The Yankees' Robinson Cano throws to first after forcing out...

The Yankees' Robinson Cano throws to first after forcing out Toronto's Jose Molina at second base in the third inning. The throw to first to complete the double play was too late. (June 6, 2010) Credit: AP

TORONTO - The best outing of Javier Vazquez's season looked as if it were going to be wasted. Because of the strangest eighth inning of the Yankees' season, it wasn't.

Vazquez no-hit the Blue Jays for 52/3 innings yesterday before Vernon Wells ripped a hanging 0-and-2 slider into the seats in left, a two-run shot that broke a scoreless tie and put the Yankees in jeopardy of being swept.

But a wild four-run eighth - which included Joe Girardi's ejection in the top of the inning and the bizarre sight of Mariano Rivera being summoned from the bullpen and then sent back to it in the bottom half - helped the Yankees escape Rogers Centre with a 4-3 win.

Joba Chamberlain allowed a run in the eighth but Rivera worked a 1-2-3 ninth for his 13th save, capping an efficient stretch in which Chamberlain, Damaso Marte and Rivera picked up six outs on 10 pitches.

Vazquez (5-5, 5.63), with his best changeup of the year, struck out nine and allowed only Wells' hit in seven innings. It was an impressive feat against the Blue Jays, who have hit 97 homers.

"The last few starts, I've been feeling much better with my command and the way my pitches are moving," Vazquez said. "I feel good I could do it against an offense like the Blue Jays'."

Girardi called Vazquez a "true professional" for being able to carry on after a miserable April and being skipped twice. In his last five starts, he has had four outstanding outings in which he has allowed 11 hits in 27 innings.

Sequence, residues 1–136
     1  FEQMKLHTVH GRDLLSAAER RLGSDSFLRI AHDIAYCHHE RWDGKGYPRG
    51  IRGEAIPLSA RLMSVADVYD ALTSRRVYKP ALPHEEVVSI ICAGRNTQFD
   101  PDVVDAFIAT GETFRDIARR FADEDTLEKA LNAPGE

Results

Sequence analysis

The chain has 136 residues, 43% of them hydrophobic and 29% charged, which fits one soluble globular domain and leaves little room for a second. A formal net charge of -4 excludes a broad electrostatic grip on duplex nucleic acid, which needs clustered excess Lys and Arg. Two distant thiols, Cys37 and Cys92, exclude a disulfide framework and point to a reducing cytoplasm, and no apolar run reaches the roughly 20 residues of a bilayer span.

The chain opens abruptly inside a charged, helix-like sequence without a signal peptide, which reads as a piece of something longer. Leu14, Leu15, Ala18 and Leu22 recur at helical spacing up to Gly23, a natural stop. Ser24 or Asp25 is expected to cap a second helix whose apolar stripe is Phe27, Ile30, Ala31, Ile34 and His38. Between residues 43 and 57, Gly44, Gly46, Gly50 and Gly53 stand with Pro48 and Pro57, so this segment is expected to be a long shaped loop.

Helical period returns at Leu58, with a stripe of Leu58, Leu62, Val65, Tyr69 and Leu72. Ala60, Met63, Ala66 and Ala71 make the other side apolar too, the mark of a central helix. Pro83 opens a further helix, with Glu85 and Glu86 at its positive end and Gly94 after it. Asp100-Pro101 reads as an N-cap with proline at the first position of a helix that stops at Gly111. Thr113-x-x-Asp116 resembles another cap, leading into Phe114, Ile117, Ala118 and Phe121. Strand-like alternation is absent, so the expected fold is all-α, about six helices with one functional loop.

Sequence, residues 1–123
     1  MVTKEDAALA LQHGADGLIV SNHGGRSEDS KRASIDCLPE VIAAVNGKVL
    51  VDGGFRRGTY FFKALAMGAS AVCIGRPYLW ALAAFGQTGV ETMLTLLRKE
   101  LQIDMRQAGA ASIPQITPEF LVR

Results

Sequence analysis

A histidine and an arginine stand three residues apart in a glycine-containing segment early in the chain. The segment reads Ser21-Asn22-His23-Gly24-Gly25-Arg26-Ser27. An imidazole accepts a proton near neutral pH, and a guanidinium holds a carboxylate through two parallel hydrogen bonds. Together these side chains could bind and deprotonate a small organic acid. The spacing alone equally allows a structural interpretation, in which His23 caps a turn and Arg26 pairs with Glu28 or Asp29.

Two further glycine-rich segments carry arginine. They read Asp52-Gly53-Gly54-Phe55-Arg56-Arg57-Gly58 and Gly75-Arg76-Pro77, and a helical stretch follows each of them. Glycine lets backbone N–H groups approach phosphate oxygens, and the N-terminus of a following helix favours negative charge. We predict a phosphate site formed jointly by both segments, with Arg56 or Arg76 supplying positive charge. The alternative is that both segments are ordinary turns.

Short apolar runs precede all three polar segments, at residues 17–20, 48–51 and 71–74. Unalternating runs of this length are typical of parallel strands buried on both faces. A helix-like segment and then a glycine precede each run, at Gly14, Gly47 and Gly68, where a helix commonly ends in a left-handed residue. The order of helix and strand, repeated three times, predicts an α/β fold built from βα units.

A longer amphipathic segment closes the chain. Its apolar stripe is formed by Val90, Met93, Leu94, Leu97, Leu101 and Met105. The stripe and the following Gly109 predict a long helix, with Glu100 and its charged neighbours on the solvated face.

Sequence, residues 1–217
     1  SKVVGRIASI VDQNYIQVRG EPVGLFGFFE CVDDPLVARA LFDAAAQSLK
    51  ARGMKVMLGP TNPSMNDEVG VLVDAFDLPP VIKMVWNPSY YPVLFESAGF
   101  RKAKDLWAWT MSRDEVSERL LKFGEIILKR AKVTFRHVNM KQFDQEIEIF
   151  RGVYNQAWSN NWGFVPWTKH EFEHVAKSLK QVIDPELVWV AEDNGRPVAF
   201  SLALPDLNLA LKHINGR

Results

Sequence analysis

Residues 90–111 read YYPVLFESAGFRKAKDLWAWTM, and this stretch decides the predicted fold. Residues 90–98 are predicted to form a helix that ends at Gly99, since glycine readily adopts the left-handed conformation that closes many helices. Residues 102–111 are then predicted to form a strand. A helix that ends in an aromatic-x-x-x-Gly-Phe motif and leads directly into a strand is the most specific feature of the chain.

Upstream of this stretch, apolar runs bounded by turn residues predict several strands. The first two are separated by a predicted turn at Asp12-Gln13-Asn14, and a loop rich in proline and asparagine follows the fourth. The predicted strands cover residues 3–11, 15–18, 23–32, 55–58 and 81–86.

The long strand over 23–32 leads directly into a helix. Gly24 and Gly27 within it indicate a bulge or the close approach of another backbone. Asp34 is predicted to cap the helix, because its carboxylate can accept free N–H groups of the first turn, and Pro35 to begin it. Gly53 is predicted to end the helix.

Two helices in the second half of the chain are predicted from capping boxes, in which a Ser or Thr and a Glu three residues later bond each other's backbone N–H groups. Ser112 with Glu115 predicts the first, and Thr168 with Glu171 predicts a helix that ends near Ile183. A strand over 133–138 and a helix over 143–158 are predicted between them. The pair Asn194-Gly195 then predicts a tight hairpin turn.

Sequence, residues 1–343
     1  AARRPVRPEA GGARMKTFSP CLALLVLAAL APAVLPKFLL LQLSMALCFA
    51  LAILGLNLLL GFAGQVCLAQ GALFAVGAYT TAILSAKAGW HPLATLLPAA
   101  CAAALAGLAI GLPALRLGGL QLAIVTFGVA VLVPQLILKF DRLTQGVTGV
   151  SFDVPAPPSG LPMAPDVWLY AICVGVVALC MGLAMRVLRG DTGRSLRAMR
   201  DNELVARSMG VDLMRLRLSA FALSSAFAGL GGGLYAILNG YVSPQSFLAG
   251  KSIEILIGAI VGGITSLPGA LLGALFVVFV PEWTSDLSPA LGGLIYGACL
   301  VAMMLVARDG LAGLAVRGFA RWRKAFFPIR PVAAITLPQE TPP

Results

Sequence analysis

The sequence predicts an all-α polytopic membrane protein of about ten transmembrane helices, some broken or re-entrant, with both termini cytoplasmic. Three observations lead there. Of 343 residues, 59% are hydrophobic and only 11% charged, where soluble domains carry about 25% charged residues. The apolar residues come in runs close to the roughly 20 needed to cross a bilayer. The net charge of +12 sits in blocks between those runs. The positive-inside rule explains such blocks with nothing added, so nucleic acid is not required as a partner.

"It shows me he's back on track," Girardi said. "That this is the guy we thought we were getting. He's throwing the ball the way he's capable of."

Vazquez was angry with himself about the pitch to Wells, and going into the top of the eighth, it looked as if he would absorb a tough loss. At that point, the Yankees had scored three runs in 30 innings in the series.

Jays starter Brandon Morrow threw seven shutout innings, striking out eight, and the Yankees were more than happy to see him depart after he hit Francisco Cervelli on the left shoulder with a 1-and-2 fastball to start the eighth.

"No disrespect, but he was throwing the ball so well, we probably would have rather faced anybody else," said Derek Jeter, whose RBI double down the rightfield line off Scott Downs made it 2-1 moments after lefthander Downs hit Brett Gardner on the right wrist to put runners on first and second.

With Gardner on third, Jeter on second and none out, Cito Gaston brought in righthander Jason Frasor to turn Nick Swisher around. Swisher appeared to check his swing on a 1-and-2 splitter in the dirt but was called out by umpire Bruce Dreckman, whose strike zone irritated the Yankees much of the afternoon.

Girardi threw his cap before getting between Swisher and Dreckman, knowing he'd be tossed for the second time this season. "I was really frustrated by that call because that's a big call in that game," Girardi said.

Gaston then made the decision that has haunted plenty of managers, intentionally walking Mark Teixeira (who is 3-for-24 in June, struck out five times Saturday and is 0-for-6 against Frasor) to load the bases for Alex Rodriguez. In such situations the past two seasons, A-Rod was 5-for-5 with three homers, including two grand slams this year, and 18 RBIs.

Frasor got ahead 0-and-2 but then threw a splitter in the dirt that ricocheted off Jose Molina for a wild pitch, allowing Gardner to score the tying run. Frasor struck out Rodriguez looking, but Robinson Cano (three hits) lined a two-run single to leftfield to make it 4-2.

Cano, who hit .207 with runners in scoring position last year, is at .355 in those situations this year and is hitting .363 overall.

"There's frustration when we're not scoring runs, just like anyone else," Girardi said. "For them to gut it up and win this game - big game."

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